A cross-sectional study of the spine in 40 young adults after solid organ transplantation in childhood.Objective.
To evaluate the impact of organ transplantation and long-term immunosuppressive treatment on growing spine using magnetic resonance imaging (MRI).Summary of Background Data.
A review of the current literature reveals no systematic evaluation of the spine after transplantation in childhood.Methods.
A total of 40 adult patients (mean age 22.1 years, range, 16.0–27.0), who received either kidney, liver, or heart transplant as children, were evaluated. Mean follow-up after transplantation was 11.2 years (range 3.0–18.0). All patients filled in a questionnaire, underwent an interview and physical examination, as well as had MRI of the spine. Standing spinal radiographs were taken from patients with a rib hump ≥6°.Results.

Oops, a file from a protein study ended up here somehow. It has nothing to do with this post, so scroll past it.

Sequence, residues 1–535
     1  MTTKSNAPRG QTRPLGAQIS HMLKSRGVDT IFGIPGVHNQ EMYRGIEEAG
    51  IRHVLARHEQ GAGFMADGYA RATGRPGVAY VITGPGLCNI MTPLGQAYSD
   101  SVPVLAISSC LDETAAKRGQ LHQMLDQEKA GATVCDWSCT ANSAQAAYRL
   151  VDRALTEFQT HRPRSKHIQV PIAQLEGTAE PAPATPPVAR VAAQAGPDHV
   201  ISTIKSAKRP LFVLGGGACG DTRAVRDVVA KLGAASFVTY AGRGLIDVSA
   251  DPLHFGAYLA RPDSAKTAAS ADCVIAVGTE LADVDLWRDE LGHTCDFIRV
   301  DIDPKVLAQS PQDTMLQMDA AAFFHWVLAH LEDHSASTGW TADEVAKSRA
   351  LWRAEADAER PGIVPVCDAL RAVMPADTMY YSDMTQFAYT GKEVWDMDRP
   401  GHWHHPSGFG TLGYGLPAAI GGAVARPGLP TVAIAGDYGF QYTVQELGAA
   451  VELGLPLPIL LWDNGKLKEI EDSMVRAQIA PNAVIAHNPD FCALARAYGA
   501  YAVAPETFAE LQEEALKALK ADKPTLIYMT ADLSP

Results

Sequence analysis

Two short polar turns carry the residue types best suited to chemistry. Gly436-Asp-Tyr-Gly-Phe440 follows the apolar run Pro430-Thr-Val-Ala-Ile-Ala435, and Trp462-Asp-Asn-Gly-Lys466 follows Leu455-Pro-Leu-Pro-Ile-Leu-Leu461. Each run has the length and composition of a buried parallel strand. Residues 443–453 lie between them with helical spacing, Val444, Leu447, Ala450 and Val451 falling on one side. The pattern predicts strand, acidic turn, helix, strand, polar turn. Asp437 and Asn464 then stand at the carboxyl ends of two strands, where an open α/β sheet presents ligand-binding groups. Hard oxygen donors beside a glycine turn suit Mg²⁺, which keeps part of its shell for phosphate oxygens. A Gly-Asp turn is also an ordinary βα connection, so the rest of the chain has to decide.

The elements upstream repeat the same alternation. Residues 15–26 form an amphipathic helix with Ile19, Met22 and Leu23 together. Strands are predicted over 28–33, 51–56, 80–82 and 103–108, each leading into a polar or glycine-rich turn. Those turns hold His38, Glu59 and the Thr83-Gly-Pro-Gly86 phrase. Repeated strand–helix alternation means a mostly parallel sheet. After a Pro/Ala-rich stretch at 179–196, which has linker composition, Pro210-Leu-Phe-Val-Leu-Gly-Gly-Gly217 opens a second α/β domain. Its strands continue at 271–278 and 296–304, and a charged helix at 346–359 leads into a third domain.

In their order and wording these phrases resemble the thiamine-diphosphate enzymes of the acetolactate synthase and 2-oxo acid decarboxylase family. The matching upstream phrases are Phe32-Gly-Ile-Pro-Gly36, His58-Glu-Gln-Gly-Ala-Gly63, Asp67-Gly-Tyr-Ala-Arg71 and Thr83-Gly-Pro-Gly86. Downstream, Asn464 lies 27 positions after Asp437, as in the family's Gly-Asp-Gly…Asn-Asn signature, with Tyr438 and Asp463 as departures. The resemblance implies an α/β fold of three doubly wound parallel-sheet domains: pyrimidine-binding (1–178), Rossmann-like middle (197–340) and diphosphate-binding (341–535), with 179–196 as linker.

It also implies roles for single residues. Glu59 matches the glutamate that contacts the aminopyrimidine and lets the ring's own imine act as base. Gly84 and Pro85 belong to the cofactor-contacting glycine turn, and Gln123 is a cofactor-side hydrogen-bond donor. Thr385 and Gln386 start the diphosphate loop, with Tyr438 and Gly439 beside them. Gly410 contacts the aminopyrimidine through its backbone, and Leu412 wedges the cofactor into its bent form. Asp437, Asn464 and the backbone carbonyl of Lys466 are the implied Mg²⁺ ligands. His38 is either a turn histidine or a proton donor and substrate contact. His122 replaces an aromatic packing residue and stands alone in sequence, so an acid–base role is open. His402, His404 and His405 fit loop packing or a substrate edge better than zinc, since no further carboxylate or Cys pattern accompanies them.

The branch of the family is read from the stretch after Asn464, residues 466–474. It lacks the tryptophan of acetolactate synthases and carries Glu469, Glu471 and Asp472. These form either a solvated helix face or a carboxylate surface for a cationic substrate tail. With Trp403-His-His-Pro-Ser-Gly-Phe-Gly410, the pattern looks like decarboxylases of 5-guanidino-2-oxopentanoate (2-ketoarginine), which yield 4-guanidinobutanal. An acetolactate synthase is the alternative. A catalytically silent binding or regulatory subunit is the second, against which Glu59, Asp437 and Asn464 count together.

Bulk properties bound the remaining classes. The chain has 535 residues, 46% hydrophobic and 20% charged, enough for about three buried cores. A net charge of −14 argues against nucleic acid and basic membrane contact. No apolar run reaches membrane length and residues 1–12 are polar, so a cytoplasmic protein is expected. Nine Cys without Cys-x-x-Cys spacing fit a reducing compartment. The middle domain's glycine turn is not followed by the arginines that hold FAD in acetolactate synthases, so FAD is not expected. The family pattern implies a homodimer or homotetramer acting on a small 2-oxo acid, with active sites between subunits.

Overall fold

There were 8 (20%) patients who had a history of vertebral fracture. Eleven (28%) patients reported frequent back pain at rest. There were 15 (38%) patients who had scoliosis >10° (range 10°–69°). On MRI, narrowed disc spaces were noted in 32 (80%) patients, and irregular endplates were noted in 24 (60%). There were 14 (35%) patients who had at least 1 compressed or wedged vertebra (>20%). Patients treated for acute rejection had wedged vertebrae, speckled or black disc spaces, and irregular endplates more often than patients without rejections. Males had wedged vertebrae more often than females (P = 0.0067).Conclusions.
Back pain, scoliosis, wedged vertebrae, and narrowed, degenerated disc spaces are common after solid organ transplantation in childhood.